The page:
If Michael Jackson's name can pack a stadium, and Norman Mailer's can sell books, then surely Jon Freeman's can produce a few hit video games. Software publishing company Electronic Arts is trying to turn game designer Freeman and his programming peers into celebrities complete with autograph sessions at software stores and appearances on local talk shows from Albuquerque to Albany, N.Y.
"Electronic Arts views software as a creative medium, much like books or records," explains Terrylynn Pearson, director of public relations for the San Mateo, Calif., company. "We feel that in time people will purchase our products on the basis of the individual designer. For instance, when I hear John Updike has a new book out, I don't care who published it. I buy it on the basis of his name. The public is conditioned to receive a certain experience based on past experiences with his books. They want to repeat it. People would like that same guideline with software."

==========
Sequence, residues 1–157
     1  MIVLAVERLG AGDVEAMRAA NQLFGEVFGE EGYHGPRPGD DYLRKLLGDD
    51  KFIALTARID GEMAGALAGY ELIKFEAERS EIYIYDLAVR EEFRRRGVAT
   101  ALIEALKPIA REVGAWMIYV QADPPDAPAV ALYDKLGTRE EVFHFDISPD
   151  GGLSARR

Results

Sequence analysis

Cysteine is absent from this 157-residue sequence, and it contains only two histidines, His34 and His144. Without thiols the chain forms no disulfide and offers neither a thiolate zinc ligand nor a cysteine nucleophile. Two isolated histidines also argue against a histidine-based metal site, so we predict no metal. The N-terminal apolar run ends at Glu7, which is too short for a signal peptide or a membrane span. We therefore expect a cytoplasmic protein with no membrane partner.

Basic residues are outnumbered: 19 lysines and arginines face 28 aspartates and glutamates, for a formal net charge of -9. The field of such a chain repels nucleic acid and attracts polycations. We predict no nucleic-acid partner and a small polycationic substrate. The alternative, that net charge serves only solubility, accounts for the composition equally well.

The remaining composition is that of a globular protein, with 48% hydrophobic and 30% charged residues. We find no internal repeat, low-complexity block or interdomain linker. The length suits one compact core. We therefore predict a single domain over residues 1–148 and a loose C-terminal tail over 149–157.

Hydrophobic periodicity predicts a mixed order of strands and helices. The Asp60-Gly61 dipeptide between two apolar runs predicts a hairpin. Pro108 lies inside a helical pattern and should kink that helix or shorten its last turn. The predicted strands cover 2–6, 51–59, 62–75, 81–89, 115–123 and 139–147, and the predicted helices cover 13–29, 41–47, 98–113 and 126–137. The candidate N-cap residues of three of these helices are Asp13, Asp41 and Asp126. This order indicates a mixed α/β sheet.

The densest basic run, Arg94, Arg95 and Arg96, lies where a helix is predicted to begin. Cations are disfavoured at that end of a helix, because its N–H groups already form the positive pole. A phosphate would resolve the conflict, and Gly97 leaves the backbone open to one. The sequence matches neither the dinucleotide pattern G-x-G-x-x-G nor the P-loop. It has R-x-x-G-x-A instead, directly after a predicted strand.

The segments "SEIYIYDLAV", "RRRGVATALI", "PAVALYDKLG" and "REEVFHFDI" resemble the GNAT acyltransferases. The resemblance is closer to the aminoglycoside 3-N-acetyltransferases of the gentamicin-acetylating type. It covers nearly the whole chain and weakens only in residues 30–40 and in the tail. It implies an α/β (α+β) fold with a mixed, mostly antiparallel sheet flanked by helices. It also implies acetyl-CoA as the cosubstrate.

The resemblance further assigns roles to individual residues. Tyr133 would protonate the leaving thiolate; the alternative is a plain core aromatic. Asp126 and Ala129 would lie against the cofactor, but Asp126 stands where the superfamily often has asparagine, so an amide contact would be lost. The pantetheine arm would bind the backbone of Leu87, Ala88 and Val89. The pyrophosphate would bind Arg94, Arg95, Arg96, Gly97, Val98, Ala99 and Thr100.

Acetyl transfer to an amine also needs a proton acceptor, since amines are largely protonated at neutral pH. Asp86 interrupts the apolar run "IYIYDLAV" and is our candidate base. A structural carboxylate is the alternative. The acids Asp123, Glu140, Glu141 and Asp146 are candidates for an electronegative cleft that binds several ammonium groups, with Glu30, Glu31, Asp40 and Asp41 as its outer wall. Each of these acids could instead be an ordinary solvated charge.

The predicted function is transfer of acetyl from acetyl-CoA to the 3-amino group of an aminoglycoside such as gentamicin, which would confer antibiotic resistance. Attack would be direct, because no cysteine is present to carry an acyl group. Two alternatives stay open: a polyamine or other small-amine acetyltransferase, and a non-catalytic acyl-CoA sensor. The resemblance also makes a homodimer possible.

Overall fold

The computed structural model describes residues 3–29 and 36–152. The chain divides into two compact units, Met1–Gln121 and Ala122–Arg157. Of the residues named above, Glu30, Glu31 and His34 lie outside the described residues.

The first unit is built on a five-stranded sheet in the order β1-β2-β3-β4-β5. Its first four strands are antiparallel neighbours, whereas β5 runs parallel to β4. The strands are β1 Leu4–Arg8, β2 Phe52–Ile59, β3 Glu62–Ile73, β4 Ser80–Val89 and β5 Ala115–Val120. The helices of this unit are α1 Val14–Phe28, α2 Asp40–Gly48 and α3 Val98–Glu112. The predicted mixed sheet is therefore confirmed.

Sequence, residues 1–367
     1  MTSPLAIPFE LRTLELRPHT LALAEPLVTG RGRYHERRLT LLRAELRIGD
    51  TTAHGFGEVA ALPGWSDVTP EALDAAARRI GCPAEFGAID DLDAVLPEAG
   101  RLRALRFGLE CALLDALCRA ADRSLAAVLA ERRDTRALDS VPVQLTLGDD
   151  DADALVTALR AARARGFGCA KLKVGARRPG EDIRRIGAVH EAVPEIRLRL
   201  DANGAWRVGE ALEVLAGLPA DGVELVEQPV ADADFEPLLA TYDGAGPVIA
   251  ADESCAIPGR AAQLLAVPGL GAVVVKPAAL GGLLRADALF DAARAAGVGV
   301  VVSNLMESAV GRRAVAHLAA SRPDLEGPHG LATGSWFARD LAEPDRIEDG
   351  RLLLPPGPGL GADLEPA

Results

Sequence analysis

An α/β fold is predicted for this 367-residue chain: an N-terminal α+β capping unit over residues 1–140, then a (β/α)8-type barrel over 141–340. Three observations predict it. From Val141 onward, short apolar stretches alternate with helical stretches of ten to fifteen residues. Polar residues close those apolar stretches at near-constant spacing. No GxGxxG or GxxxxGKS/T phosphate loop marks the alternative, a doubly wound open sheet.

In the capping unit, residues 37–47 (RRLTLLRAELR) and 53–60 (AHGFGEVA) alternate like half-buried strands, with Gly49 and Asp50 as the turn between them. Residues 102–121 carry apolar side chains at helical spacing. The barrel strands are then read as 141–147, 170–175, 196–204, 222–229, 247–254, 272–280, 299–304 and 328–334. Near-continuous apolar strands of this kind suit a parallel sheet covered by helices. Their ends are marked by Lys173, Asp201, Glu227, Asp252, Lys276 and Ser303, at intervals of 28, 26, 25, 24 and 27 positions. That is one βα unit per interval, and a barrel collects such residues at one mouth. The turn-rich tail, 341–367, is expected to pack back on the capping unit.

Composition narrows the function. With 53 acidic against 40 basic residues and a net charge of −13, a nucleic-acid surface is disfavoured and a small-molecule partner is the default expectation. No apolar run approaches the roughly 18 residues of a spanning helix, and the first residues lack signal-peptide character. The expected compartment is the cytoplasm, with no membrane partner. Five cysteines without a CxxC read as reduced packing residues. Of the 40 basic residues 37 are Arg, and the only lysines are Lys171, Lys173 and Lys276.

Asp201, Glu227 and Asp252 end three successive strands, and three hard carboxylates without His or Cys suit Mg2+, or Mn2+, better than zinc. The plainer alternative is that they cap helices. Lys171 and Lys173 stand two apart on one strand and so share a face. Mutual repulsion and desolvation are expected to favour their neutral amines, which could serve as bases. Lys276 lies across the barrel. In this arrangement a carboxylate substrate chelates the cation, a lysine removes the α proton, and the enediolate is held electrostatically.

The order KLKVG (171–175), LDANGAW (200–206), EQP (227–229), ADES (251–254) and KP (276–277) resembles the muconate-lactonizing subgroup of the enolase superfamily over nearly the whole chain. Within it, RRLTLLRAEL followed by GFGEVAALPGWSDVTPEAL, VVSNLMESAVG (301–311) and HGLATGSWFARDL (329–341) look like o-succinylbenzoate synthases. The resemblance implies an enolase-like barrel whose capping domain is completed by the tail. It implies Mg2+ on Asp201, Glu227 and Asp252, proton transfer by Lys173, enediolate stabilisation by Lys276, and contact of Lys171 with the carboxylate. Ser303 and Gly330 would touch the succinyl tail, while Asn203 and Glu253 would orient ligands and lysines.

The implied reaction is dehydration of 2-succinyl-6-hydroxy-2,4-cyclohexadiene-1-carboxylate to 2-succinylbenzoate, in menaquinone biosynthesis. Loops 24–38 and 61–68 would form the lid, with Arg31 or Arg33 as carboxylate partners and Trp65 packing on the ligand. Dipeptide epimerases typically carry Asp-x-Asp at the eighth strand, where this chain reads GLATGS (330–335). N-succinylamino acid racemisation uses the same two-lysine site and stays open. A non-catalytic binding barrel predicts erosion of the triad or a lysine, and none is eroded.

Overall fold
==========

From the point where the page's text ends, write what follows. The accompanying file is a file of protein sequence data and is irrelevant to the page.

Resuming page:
Other software companies, notably Activision Inc., have tried to give their authors more prominence -- including the designers' names in advertisements and on software packages -- but Electronic Arts is the only company that has been giving them the star treatment.
"It's good business to publish a hot author with a new title," says Electronic Arts author Freeman, who just returned from a promotional tour for his new video game "ADEPT," co-authored with Anne Westfall. "After you develop a best-seller, people are more likely to buy the next one you create. Then the company doesn't have to start from scratch each time it brings out a new product."